Activists should be cautious to think that the federal government will save us from abuses that it originally initiated. These kinds of positive decisions are more the exception rather than the rule. Litigation is also a time- and resource-consuming endeavor. Money and time spent on trying to get a case heard could possibly be allocated toward cheaper and more time efficient battles at the state and local level. Not to mention the Supreme Court has a tendency of not hearing important cases that could reverse significant government encroachments. This was most evident when the Supreme Court turned away a case that challenged federal regulation of firearms suppressors. Given how popular civil asset forfeiture is among the DC crowd, future cases that could actually do serious damage to this practice will likely meet similar fates. More often than not, the juice is simply not worth the squeeze when dealing with the Courts.
As corrupt as some municipalities and state legislatures can be, it is wishful thinking to believe five people sitting on the bench could decide what is right for a nation of nearly roughly 325 million people. In another article, Ryan McMaken notes how distant the Supreme Court has become:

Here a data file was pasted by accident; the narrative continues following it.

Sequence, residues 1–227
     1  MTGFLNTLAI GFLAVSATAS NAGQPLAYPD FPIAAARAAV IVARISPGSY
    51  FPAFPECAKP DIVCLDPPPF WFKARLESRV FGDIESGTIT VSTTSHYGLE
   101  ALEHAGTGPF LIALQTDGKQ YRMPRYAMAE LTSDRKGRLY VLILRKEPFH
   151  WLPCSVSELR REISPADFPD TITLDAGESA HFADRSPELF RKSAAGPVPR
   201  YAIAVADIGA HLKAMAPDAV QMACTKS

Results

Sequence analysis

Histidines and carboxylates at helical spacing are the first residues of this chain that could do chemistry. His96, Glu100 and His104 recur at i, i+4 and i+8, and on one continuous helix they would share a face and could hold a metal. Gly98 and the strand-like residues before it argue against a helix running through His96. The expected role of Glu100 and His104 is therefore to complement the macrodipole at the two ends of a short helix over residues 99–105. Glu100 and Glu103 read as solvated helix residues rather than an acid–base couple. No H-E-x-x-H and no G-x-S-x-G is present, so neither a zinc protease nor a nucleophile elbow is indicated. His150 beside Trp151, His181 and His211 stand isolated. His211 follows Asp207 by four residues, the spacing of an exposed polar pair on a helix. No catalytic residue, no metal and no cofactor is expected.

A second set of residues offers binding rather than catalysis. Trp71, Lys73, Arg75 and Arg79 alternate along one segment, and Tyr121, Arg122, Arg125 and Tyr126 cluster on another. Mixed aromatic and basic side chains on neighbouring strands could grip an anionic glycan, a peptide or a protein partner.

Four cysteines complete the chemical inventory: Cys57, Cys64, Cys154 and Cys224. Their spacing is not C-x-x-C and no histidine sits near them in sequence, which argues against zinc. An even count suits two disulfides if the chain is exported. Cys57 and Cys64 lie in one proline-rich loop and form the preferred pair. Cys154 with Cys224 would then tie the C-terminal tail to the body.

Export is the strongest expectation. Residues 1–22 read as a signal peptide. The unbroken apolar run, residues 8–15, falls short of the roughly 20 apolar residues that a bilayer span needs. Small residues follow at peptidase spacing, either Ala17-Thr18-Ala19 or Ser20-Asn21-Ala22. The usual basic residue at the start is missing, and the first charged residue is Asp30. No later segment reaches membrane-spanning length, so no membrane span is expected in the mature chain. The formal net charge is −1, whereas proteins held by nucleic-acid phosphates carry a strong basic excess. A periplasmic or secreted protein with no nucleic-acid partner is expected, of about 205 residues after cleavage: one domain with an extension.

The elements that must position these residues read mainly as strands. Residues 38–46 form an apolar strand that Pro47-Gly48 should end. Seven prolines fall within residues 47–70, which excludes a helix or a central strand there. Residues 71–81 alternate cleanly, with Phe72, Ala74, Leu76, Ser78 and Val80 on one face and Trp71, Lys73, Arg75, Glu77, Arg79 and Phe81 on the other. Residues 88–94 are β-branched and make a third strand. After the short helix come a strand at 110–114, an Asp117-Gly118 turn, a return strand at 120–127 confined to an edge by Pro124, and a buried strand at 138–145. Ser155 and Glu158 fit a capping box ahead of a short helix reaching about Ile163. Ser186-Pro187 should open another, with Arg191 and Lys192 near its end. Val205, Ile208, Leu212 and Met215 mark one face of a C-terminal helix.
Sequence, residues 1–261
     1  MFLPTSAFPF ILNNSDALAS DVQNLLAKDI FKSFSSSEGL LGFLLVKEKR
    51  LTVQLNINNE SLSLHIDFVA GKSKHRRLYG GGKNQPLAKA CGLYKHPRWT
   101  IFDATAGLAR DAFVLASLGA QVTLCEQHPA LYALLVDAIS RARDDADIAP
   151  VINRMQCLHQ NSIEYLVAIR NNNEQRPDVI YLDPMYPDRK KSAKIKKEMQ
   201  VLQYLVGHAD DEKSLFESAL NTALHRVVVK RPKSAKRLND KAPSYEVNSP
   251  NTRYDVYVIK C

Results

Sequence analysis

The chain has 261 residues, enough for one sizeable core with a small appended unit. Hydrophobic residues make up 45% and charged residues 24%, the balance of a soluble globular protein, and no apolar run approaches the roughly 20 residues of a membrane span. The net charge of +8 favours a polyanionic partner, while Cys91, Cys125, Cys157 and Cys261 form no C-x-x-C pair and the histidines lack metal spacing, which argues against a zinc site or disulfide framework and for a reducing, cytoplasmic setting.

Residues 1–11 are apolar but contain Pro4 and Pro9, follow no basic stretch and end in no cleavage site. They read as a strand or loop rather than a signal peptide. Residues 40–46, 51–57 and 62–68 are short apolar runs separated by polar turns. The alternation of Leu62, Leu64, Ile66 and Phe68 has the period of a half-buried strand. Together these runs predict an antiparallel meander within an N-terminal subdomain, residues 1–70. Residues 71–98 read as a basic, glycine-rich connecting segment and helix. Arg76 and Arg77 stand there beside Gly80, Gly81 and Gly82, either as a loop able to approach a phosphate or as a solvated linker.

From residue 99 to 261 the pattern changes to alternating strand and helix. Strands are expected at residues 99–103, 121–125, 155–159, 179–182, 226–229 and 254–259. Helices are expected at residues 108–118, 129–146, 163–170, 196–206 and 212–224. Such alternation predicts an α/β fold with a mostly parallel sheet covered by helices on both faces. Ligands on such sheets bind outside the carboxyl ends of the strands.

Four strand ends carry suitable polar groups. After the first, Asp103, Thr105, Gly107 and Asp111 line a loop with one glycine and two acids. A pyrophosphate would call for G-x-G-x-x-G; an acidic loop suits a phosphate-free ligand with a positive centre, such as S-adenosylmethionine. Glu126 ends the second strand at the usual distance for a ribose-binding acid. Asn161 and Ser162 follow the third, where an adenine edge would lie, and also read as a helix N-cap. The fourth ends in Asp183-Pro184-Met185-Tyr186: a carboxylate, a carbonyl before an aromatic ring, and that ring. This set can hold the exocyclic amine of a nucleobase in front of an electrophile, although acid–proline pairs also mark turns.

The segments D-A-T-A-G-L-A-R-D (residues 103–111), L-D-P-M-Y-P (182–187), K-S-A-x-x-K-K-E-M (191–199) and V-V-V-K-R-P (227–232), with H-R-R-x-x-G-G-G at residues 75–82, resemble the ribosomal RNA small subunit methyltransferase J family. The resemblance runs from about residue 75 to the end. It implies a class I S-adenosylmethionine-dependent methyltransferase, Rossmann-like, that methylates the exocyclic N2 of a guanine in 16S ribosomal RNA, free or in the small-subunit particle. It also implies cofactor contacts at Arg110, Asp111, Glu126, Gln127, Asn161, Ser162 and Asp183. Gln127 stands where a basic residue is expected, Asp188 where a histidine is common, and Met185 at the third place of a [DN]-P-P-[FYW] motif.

Even worse, many of the justices haven’t had a real job in decades and have no idea how reality actually works. It’s unlikely that the older members of the Court could even use Google to find a phone number on the internet, let alone understand the complexities of how modern people run their businesses, raise their families, or function in everyday life. The Court is largely the domain of geriatrics who are paid generously to make complex judgments about a world they rarely engage and can scarcely understand.
To expect such a detached institution to significantly rollback policies like civil asset forfeiture and other local issues that are in vogue is the height of wishful thinking. Pressure will ultimately have to come from below.
The Path Toward Local Reform Won’t be a Walk in the Park
Indeed, the local road is no cakewalk either. One of North Dakota’s leading champions for civil asset forfeiture reform, State Representative Rick Becker, was disappointed that the bill he originally supported was watered down in certain aspects concerning exceptions to conviction requirements and a reporting component that did not “go far enough.” Nevertheless, HB 1286 is a step in the right direction. Becker also hinted at putting certain civil asset forfeiture reforms on the ballot in 2020 in order to correct some of the perceived flaws of HB 1286. Referenda are one of many useful tools to challenge government abuse at the local level.
However, other states such as Arizona, Nebraska, and New Mexico passed civil asset forfeiture reforms of their own in recent years, thus demonstrating that this is no isolated movement. The road to civil asset forfeiture reform will not be easy, just like many other local fights. But it is work that must be done.